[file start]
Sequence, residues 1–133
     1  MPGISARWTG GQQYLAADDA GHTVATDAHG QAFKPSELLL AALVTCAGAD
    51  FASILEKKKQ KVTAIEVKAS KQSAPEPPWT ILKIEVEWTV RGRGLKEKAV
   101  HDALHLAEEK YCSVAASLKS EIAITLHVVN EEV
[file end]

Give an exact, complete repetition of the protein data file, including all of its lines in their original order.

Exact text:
Sequence, residues 1–133
     1  MPGISARWTG GQQYLAADDA GHTVATDAHG QAFKPSELLL AALVTCAGAD
    51  FASILEKKKQ KVTAIEVKAS KQSAPEPPWT ILKIEVEWTV RGRGLKEKAV
   101  HDALHLAEEK YCSVAASLKS EIAITLHVVN EEV